Similarly – in doing feminist evaluation it is often very helpful to draw on participatory approaches. One of the key markers of feminist evaluation is recognizing multiple perspectives and voices and trying to bring those perspectives into evaluation. This lends itself to strong complementarity with participatory evaluation.

    However – feminist evaluations are not by definition dominantly based on participatory evaluation designs. The design or methods selected are those that best fit the questions. For example – I could envision a feminist evaluation of government budgets that uses all of the feminist evaluation tenants to examine and critique government spending priorities but for which the majority of the design is desk based quantitative budget analysis. I can also envision an evaluation that looks at whether cash transfers for institutional deliveries reduce maternal mortality that relies extensively on an RCT design but is done with a feminist approach. So in my view, feminist evaluation can, and does, draw a lot from participatory evaluation approaches in practice but all feminist evaluation is not by definition participatory nor is all participatory evaluation by definition feminist.

    Of course in practice, again, much of what we use and much of what I think usually makes sense (particularly for complex programs) are mixed methods designs. Feminist evaluation is no exception to this. If these designs intend to bring in multiple perspectives and voices it makes a lot of sense to draw from the rich terrain of participatory approaches.

    I hope this helps! Others may have other thoughts on this.

    Katherine Hay

  2. As a white woman (Scandinavian and Northern European, by ethnicity), born and raised in a wealthy country (U.S.), I am embedded, I am certain, with the blind spots that colonialism has wrought. It is with this awareness that I want to express my deep appreciation and gratitude for Vidhya Shanker’s incisive and insightful post.

    As a feminist activist working toward racial justice, I am frequently aghast at (my inchoate sense of) the intersection V.S. so aptly articulates (“of patriarchy AND neoliberal economic policies that systematically benefit wealthy countries (including the white women in them)”)(Thank you, V.S.).

    The relevant questions for me, then become: How do I better educate (and expose) myself in order to more quickly recognize when I am up to the kind of decontextualizing of which the dominant culture is guilty? and how can I attempt to systematically combat the disadvantaging which I am a beneficiary of?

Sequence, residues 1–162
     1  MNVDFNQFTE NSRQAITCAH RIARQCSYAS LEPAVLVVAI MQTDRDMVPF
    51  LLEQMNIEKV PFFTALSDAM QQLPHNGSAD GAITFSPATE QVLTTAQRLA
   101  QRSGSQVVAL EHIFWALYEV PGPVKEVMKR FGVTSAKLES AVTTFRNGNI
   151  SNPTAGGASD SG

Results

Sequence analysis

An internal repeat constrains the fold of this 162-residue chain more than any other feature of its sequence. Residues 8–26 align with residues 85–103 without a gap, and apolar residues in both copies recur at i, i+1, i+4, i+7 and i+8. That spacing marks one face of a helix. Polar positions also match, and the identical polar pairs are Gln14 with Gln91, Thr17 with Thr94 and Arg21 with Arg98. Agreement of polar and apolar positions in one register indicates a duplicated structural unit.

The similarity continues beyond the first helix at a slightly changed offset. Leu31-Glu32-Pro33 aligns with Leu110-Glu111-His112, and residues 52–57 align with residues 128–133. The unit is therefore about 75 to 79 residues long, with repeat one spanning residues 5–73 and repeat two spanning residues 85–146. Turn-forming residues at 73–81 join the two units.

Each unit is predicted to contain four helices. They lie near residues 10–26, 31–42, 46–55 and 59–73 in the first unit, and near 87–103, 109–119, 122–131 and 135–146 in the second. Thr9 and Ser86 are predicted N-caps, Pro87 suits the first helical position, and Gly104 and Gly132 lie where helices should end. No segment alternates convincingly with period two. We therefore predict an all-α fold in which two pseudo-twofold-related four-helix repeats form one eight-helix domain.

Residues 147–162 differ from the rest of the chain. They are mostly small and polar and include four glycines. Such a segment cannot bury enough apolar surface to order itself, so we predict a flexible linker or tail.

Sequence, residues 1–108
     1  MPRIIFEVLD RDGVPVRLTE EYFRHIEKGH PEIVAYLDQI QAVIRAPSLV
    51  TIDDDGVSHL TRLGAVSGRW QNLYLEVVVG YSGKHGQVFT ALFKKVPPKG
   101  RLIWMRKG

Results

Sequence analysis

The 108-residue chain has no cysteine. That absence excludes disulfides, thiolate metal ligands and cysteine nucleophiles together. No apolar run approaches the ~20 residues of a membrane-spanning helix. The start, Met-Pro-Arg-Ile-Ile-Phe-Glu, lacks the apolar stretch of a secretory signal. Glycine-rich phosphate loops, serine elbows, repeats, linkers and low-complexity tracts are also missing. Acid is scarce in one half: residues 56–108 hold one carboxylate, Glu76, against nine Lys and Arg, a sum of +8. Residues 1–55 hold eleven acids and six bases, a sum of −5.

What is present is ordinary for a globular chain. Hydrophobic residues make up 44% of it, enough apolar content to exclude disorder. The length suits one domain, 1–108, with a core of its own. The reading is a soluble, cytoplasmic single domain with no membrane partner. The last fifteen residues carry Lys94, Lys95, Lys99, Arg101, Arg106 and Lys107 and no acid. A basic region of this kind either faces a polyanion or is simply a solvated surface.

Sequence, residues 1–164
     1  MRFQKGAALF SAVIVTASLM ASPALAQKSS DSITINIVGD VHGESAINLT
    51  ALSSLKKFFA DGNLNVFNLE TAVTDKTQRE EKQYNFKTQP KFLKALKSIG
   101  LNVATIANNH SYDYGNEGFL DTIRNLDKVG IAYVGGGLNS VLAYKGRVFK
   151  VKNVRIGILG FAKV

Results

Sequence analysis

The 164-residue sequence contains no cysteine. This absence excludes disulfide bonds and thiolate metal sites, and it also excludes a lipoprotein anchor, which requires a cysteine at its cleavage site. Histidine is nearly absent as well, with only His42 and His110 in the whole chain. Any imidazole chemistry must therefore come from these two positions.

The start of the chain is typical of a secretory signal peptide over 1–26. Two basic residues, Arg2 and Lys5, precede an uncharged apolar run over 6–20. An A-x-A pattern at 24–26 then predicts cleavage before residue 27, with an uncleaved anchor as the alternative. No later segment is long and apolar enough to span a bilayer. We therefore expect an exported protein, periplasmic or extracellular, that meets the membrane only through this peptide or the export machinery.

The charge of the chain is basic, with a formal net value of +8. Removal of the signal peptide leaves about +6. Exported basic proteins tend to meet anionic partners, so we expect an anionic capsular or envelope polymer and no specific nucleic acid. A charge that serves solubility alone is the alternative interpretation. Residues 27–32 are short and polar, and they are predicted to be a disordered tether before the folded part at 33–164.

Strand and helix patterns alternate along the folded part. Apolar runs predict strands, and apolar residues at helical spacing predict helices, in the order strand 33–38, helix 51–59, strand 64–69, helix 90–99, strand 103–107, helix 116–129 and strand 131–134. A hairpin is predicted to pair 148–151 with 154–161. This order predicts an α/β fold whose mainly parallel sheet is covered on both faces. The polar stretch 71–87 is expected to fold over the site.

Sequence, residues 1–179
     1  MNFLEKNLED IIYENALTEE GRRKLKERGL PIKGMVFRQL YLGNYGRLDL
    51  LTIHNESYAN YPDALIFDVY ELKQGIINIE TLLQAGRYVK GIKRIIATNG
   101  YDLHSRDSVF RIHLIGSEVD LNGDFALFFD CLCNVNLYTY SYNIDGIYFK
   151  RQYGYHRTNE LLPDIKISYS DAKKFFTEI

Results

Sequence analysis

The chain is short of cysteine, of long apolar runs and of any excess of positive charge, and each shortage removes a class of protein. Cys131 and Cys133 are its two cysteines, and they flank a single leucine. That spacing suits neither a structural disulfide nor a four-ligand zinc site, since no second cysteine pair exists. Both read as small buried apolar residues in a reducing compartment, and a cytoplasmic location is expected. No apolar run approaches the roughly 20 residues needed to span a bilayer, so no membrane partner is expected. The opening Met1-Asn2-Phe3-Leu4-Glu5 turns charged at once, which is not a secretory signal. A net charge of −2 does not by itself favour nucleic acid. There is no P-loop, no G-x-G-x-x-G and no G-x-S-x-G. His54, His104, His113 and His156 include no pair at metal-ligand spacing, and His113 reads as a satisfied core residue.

3. Evaluation can also reinforce or reflect the colonial narrative in which white women from wealthy countries decontextualize gender inequities as the result of backward cultures and deny the possibility that women of color and indigenous may be agents of social change rather than simply victims of “brown men to be saved by” (see Gayatri Spivak) them. Carefully omitted from this post was the role South Asian women play in challenging the intersection of patriarchy AND neoliberal economic policies that systematically benefit wealthy countries (including the white women in them). Indeed, South Asia has the largest women’s movement in the world (too many references to list, but available upon request). Despite that fact and the fact that South Asian women are a disproportionately large source of research/ evaluation scholarship on the ways that patriarchy intersects with white supremacy and capitalism to benefit wealthy countries–including the white women in them–and systematically disadvantages women of color and indigenous women worldwide, we are yet again voiceless and invisible in this supposedly feminist blog post that perfectly illustrates the reinforcement and reflection social inequities.

  4. The concept of feminist evaluation is new to me. I have enjoyed the series on the topic here. This post was most useful; however, I am left with a clarifying question. What is the difference between a feminist evaluation and participatory evaluation approach?